said, he hoped the House would not be led away too hastily to a division by the course which had been pursued by the hon. Member for Westminster (Sir John Shelley). They really ought to proceed with far more deliberation in this matter, for great embarrassment necessarily resulted from the step he had taken of mixing up the issuing of the writ for Blackburn with an inquiry into the general question of bribery at elections. He thought it a most dangerous course to suspend writs, because, if the time should come when parties were narrowly divided, and a few votes might turn the policy of the country, it would be in the power of the majority to use the precedents for that purpose. Inquiry into bribery was totally distinct from that question. They had no right to deprive electors of the right of sending Members to that House except on the strongest grounds. On the other hand, strong measures were necessary to repress corruption, and that necessity was universally acknowledged. He agreed with the noble Lord that it would be disastrous if in no instance they were to inquire into allegations of general bribery; but they might go thus far, not to inquire further unless the Election Committee recommended it, or unless there were some special grounds laid before the House. In this instance the hon. Member (Sir J. Shelley) had made no statement, and had developed no facts to lead the House to suppose there had been any general corruption in the borough of Blackburn. It would be for the House to consider whether they would lay down any general rule. His present impression was, that they must institute some tribunal, either by Committee or Commission, which should deal with all cases where there was any ground to suppose a general system of bribery had prevailed. His reason for thinking so was, that it was manifestly the interest of parties petitioning against an election return to obtain the seat at the smallest expense, and conceal the extent of the bribery which had been practised. He thought a tribunal for the purpose of investigating general bribery might well be established; but that must be done by a fresh Act of Parliament, in order to render its proceedings efficient by giving the power to take evidence on oath. He hoped, however, that the House would not lightly refuse a writ, and thus deprive a constituency of the constitutional right to send Members to Parliament.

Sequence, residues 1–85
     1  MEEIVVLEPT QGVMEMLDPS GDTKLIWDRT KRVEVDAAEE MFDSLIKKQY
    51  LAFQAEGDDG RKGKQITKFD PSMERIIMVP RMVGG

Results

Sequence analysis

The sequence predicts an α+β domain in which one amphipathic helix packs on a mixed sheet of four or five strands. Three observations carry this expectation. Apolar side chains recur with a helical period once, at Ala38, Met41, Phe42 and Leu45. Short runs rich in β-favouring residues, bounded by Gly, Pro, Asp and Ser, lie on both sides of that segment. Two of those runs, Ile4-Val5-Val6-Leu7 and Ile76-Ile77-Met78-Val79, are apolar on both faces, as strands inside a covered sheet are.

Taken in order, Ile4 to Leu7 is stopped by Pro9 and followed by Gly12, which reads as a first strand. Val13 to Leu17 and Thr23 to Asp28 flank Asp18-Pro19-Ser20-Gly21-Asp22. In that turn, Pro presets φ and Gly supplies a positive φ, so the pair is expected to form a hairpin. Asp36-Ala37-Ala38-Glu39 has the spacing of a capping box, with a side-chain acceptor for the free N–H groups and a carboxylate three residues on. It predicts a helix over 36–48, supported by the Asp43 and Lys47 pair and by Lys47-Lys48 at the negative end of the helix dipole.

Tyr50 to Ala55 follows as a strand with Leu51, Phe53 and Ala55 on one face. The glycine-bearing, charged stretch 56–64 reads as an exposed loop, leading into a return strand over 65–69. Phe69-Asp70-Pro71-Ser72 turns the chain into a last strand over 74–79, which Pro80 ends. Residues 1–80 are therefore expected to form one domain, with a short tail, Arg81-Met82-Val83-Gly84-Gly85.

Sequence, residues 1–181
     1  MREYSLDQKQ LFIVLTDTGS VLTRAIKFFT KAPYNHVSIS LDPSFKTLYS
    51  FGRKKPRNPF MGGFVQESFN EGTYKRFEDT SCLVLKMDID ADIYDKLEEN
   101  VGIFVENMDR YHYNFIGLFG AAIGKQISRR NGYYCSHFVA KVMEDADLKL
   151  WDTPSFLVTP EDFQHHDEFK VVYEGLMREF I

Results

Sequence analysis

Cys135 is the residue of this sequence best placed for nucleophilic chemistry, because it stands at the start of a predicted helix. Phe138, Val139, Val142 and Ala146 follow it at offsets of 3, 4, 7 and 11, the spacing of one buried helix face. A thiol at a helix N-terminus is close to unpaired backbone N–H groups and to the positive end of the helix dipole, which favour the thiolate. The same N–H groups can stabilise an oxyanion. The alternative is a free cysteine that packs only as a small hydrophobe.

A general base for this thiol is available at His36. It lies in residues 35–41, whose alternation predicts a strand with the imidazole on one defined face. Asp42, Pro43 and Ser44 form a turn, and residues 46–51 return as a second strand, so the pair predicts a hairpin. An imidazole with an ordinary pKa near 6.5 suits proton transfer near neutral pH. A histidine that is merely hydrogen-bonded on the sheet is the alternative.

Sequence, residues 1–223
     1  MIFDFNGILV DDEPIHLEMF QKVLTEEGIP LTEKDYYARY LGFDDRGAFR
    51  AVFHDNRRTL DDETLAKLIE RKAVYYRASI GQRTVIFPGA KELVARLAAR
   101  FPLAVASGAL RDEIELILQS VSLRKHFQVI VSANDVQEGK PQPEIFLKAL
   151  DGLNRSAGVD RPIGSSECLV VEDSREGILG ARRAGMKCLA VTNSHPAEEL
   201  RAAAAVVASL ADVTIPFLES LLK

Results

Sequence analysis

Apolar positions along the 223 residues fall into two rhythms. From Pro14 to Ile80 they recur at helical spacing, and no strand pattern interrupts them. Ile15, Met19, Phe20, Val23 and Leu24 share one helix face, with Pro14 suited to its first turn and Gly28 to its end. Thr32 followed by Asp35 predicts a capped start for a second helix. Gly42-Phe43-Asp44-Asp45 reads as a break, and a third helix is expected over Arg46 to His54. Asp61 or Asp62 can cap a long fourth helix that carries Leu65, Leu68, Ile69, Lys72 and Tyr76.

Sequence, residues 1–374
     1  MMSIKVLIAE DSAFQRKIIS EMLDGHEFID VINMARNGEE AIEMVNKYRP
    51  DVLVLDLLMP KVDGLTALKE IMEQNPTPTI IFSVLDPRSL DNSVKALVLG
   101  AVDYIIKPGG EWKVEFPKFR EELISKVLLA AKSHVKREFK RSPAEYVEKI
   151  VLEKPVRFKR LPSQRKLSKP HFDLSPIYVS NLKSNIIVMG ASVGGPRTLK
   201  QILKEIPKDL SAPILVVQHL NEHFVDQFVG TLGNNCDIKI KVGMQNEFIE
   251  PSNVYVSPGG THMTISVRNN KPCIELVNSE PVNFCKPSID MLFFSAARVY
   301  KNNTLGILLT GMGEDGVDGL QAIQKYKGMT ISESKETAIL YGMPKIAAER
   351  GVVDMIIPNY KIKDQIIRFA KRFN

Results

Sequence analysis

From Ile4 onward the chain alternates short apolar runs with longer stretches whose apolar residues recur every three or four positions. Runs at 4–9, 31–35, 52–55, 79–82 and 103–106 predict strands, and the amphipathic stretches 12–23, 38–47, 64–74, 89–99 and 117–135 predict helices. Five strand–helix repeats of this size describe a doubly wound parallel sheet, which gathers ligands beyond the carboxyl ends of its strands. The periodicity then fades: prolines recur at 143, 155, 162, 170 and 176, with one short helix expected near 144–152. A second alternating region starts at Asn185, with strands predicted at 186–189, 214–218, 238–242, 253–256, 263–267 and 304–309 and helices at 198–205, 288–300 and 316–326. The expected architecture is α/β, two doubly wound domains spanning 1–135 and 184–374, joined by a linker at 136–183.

said, there was no petition from Blackburn alleging general bribery, and from communications he had received he had every reason to believe that the next election would be conducted on the strictest principles of honoured purity.